Its goal is “to help reduce the global water crisis by 2050”.
Another startup, called PakVitae, offers a filter product that does not require electricity. Using gravity and attaching to the bottom of water tanks, the filters can supply up to 10,000 litres.
Jarri Masood, management consultant for PakVitae, explains that filters made from fiber membranes are used to remove most impurities and bacteria.
Since the floods began, PakVitae has donated a few units and has also started providing filters to rescuers. They have reduced the price: instead of 5,000 rupees ($22), they charge 4,000 rupees ($18) for flood relief, and they have added a 15 liter jerry can per unit for the units of flood relief.
No electricity, no light
It is pitch black for tens of thousands of people living on small sections of dry land in most parts of Sindh, including Jamshoro. At least 101 people were treated for snakebites and 550 for dog bites.
Businessman Raza Zubair heard about the plight of flood victims during a Friday sermon. He and his friends provided solar-powered lamps for survivors.
Their lightweight solar lights have provided much-needed lighting to thousands of people.
Like other volunteers, Zubair, owner of solar company Sun King, is also distributing essentials including food rations, medicine, mosquito nets and toiletries.
His company has reduced the price of basic solar lamps for flood victims and has also introduced lanterns, which can also charge phones. A solar lamp now costs 1,000 rupees ($4.50) instead of 1,600 ($7.20), and a solar lantern costs 4,000 rupees ($18) instead of 6,500 ($29)
When many citizens, government agencies and NGOs start helping people, there is a risk of duplication and aid not reaching the right people.
Shafeeq Gigyani, the co-founder of Enlight Lab, was frustrated that he could not get relevant statistics for his ancestral village on the bank of the Swat River in the northern province of Khyber Pakhtunkhwa.
Enlight Lab, a non-profit organization, decided to gather data on flood-affected areas across Pakistan. The company created Flood.PK, a crowdsourced platform that allows flood-affected people to call for help and field teams to respond.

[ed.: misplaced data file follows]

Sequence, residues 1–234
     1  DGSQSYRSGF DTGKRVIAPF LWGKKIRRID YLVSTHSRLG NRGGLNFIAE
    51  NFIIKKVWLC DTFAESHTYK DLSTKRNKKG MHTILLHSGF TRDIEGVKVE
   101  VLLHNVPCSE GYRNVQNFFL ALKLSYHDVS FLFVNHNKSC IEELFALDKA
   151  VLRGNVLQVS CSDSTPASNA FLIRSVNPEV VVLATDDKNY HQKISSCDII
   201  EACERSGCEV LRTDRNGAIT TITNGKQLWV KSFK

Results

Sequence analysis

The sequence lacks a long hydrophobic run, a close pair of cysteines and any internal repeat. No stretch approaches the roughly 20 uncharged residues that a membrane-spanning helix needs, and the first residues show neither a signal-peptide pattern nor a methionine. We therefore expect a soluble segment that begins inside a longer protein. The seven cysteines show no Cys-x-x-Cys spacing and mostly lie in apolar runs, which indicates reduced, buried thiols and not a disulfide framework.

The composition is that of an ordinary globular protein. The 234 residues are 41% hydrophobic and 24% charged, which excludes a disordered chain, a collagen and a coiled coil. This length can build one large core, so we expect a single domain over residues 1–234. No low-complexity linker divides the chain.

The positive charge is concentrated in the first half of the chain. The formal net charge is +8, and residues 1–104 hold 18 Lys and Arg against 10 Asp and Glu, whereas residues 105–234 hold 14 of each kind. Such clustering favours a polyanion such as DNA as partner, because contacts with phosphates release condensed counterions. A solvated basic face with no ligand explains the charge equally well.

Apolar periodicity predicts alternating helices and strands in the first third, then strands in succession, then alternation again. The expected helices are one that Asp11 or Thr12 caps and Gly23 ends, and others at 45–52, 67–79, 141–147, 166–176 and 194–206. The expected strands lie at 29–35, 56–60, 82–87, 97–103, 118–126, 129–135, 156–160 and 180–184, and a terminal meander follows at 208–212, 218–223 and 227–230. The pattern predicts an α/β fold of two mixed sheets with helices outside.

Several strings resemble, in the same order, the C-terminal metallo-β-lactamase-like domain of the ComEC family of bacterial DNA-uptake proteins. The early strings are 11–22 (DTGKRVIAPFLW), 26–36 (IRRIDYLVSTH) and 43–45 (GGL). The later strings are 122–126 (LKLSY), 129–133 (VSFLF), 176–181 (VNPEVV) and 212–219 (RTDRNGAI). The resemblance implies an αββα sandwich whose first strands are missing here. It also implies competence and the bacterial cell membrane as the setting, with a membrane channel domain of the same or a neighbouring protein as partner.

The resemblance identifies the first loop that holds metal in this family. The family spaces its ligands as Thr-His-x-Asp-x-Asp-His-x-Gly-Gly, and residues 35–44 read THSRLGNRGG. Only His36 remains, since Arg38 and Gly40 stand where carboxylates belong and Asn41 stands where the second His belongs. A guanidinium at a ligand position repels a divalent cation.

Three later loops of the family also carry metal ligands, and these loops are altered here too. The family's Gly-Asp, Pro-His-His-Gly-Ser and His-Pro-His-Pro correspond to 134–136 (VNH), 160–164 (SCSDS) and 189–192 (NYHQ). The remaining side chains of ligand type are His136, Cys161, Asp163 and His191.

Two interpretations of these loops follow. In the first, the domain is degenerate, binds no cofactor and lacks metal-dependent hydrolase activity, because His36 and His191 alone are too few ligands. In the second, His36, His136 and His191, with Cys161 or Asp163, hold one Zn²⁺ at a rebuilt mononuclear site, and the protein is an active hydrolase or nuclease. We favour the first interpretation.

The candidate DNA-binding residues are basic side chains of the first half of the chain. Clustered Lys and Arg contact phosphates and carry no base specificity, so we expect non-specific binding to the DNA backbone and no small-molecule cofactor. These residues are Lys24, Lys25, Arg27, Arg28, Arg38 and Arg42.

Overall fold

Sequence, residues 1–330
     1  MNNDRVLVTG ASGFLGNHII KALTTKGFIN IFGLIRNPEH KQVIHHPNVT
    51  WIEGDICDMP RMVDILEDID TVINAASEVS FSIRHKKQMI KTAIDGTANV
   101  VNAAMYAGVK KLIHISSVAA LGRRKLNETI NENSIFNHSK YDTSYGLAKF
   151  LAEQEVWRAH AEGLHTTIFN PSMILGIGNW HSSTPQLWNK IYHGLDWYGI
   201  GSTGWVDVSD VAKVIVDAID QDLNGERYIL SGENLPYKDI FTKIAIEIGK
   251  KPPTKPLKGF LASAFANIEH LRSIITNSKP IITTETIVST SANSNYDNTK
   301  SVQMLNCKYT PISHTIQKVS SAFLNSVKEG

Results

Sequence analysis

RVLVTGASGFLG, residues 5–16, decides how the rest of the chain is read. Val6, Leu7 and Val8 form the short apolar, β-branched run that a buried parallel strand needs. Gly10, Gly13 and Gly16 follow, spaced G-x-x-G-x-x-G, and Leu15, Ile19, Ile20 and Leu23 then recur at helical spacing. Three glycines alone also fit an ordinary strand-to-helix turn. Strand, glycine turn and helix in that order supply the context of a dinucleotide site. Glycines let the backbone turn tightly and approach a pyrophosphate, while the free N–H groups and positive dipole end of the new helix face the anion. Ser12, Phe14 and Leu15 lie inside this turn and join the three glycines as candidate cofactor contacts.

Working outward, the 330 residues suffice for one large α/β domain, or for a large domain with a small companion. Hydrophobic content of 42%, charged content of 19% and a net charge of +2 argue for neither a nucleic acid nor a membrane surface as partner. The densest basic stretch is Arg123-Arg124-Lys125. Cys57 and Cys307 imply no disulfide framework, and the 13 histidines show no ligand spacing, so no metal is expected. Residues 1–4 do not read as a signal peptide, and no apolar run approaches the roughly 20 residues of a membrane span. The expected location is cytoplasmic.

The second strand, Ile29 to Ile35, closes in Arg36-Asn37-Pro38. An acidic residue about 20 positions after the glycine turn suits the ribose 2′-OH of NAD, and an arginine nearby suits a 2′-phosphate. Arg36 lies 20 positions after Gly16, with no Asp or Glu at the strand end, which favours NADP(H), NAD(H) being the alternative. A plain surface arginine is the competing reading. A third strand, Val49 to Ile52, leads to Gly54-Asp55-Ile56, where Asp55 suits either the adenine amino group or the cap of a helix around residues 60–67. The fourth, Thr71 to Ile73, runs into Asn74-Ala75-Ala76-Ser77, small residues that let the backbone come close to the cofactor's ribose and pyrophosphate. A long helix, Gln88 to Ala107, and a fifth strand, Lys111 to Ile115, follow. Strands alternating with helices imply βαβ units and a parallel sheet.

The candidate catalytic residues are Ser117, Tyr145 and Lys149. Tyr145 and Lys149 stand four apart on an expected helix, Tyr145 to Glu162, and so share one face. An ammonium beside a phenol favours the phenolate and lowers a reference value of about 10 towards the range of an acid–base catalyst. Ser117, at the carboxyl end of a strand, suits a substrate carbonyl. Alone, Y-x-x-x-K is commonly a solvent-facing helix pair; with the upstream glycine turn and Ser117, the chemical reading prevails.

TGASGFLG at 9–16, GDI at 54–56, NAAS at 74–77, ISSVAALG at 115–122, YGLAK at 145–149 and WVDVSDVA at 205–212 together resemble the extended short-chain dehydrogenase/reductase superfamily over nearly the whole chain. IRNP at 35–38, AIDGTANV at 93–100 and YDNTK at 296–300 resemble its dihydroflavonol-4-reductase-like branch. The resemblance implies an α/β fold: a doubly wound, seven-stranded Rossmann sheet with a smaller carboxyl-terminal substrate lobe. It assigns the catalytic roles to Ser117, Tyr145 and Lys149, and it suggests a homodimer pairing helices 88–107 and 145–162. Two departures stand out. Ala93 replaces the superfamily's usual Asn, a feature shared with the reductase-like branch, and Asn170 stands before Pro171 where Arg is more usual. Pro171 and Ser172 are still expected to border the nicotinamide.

Gigyani, who is based in Peshawar, says the data streamlines shelter, relief, medical aid, volunteer aid and fundraising while answering some questions about the floods.
Other crowdsourced aggregators and platforms such as FloodLight also provide similar datasets for volunteers and victims.
As relief and relief draws to a close, the glaring question is what will happen after the waters recede and the devastation. The main rehabilitation task would be to provide homes for hundreds of thousands of people.
How does a cash-strapped, debt-ridden economy pay for it?
Miran Saifi and three others founded Modulus Tech in 2017 to address Pakistan’s housing shortage. Even before the devastating floods, the country had a housing deficit of 10 million.
Modulus Tech aimed to provide easy-to-assemble homes for refugees around the world.
The Modulus Tech team is developing long-term solutions for flood survivors by designing homes that are inexpensive and can be installed immediately.
They use unconventional construction methods and off-grid solutions through responsible sourcing of durable, lightweight materials. They claim their homes now pollute 90% less than building traditional homes.
Afia Salam, chair of the board of Indus Earth Trust, says long-term rehabilitation solutions are just as important as emergency relief.
Along with her colleagues, she is trying to generate funds to rebuild houses by training masons and supervisors from flood-affected areas. Their designs include economical and local homes that also have a lower carbon footprint.
This is neither a complete nor exhaustive list, but a small representation of the hundreds of organizations old and new and the tens of thousands of selfless volunteers serving Pakistan as it goes through its worst climate calamity.